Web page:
Still, Google made progress under Greene, winning at least pieces of the public cloud business from numerous companies, including Apple, PayPal, Etsy, Evernote, Fitbit, HubSpot, Shopify, Twitter and Zendesk.
“We went from people not even knowing that this was an area where Google had an offering, to essentially now, every time that people talk about cloud, they talk about the big three,” said Alison Wagonfeld, Google Cloud’s marketing chief.
Google is playing squarely into the emerging multicloud theme, vying to provide services to companies that don’t want to be wed to a single provider. For example, Google has won business from some Amazon cloud customers, like Salesforce and The New York Times.
Benioff told CNBC that “Google is now an enterprise player, there’s no doubt about that.” He attributes that position to Greene and said that while Google needs to ramp up its hiring in sales to catch up with its rivals, “in many accounts, they’ve shown up extremely competitively.”
But frequently you’ll hear stories like the one told by Workday’s David Clarke.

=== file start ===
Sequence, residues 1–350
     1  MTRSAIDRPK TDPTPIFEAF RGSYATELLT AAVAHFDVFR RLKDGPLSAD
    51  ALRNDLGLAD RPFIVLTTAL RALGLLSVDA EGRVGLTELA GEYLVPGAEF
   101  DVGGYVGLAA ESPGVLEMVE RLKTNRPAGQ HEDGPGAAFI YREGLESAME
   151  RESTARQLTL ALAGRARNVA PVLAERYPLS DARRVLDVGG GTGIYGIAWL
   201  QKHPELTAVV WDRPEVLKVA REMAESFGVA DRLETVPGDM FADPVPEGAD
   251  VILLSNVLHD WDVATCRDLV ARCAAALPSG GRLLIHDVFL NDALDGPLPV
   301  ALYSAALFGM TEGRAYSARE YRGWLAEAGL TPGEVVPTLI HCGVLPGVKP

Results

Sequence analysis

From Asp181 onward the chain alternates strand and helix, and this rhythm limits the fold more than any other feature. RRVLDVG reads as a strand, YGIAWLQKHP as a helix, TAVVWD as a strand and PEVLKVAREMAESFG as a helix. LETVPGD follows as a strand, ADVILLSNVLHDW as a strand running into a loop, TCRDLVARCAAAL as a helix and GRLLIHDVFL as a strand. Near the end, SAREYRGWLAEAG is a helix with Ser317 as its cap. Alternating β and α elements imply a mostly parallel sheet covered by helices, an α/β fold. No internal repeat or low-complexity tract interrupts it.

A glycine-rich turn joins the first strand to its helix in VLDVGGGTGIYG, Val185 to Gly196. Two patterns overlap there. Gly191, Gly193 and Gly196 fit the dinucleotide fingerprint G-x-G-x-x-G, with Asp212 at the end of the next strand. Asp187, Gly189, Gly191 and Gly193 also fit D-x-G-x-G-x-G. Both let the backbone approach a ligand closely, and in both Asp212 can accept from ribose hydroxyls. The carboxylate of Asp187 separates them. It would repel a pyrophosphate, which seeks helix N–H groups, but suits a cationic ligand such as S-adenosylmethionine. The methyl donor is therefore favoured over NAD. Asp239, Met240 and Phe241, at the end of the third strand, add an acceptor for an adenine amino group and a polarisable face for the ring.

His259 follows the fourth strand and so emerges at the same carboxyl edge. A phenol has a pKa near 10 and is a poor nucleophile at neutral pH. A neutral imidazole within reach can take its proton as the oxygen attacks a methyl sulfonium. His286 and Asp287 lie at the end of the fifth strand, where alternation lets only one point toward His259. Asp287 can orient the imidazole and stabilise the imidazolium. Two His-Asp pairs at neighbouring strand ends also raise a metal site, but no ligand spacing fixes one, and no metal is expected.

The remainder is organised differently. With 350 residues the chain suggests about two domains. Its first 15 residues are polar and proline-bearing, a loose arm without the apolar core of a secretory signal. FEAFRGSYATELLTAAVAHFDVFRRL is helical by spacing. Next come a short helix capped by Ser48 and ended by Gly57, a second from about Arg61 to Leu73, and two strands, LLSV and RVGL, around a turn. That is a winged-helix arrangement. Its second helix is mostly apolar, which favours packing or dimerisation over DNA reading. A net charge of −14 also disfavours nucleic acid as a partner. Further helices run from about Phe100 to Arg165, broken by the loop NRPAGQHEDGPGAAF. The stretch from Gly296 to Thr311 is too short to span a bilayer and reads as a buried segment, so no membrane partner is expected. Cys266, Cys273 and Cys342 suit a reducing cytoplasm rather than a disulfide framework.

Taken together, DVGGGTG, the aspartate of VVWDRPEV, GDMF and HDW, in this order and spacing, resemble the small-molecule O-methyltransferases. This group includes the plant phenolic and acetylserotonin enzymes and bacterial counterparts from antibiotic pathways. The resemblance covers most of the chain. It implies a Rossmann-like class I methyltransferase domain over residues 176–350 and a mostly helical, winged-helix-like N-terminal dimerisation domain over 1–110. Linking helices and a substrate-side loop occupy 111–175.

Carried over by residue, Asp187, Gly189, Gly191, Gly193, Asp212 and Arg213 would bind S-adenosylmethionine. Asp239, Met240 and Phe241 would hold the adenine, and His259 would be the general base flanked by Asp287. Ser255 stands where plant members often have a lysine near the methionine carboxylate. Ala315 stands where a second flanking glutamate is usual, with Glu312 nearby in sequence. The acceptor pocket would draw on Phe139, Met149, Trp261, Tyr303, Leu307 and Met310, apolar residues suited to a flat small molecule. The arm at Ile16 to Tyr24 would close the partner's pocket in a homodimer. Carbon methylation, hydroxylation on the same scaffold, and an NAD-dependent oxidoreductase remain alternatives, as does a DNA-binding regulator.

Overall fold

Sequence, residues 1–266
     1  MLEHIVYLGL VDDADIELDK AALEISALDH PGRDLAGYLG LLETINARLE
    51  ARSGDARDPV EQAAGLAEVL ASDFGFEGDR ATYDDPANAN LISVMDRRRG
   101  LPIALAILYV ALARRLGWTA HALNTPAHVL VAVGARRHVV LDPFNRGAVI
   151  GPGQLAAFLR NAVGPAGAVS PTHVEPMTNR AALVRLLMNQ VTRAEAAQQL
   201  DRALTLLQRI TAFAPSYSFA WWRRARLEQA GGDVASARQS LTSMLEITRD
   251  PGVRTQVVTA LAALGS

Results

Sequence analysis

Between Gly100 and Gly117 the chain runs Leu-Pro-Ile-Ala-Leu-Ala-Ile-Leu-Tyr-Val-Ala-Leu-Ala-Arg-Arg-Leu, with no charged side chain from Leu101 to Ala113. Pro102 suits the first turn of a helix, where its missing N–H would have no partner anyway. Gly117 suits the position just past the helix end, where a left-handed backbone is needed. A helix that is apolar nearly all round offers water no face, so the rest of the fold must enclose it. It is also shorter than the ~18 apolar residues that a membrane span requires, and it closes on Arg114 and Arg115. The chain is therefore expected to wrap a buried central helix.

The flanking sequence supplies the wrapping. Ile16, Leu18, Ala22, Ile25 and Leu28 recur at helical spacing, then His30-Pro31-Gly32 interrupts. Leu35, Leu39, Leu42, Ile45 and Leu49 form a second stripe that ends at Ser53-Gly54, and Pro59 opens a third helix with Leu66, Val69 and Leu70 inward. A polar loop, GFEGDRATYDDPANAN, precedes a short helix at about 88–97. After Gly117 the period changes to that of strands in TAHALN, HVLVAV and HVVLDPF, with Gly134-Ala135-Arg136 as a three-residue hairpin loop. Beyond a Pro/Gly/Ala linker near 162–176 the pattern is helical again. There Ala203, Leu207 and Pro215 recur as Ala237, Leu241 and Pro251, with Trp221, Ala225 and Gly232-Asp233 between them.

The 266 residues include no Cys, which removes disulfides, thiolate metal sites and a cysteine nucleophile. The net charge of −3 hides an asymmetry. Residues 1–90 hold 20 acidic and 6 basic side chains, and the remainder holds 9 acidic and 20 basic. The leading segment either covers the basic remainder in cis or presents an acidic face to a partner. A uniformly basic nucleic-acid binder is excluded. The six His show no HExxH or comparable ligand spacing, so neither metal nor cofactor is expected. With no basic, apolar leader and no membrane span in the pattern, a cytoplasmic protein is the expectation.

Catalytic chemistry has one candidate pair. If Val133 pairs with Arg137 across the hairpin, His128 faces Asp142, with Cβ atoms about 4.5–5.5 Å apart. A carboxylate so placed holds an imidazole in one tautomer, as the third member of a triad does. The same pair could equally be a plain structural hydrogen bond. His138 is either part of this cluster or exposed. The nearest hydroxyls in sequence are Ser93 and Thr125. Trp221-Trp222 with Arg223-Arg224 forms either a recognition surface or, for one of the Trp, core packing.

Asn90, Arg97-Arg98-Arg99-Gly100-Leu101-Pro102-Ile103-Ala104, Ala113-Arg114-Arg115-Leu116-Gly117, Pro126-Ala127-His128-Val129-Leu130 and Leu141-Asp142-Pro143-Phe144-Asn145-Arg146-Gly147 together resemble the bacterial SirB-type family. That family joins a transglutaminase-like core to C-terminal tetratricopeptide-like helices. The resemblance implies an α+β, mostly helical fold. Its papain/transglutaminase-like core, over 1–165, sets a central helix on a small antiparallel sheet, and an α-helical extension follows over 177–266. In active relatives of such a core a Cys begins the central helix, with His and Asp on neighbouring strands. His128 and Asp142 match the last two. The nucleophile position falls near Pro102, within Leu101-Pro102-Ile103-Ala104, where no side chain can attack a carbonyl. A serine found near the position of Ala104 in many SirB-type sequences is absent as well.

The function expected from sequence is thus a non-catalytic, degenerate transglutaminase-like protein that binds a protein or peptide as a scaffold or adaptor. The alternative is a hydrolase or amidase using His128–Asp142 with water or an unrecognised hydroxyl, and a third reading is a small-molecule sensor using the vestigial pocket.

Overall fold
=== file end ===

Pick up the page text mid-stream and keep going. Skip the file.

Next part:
In 2016, months into Greene’s tenure, the finance and human resources software vendor considered Google when it was picking out a preferred public cloud. But it passed and chose AWS instead. At the time, Google was in the early stages of commercializing its cloud, said Clarke, Workday’s senior vice president of technology and infrastructure.
“They hadn’t thought through all the operational, economic and practical requirements that companies, especially bigger companies, would have,” Clarke said in an interview. He said that Google has improved since then and if he were making the decision today it would be “a close call.”
Autodesk, which has used Amazon’s cloud for years, turned to the Google cloud for one initiative in 2016. But the company stuck with Amazon for primary workloads, a person familiar with the matter said. And Zendesk announced an application-development platform last week but chose to launch it on AWS.
“If you analyze the depth of their [Google’s] stack globally, for example, it’s leaner than AWS can offer,” said Mikkel Svane, Zendesk’s CEO. “That’s one example of where they [AWS] stand out.”
In 2017, Google held just 3.3 percent of the overall worldwide cloud infrastructure market, according to Gartner Research. While Google picked up share from the prior year, it was still behind way behind AWS and Microsoft and trailed Alibaba.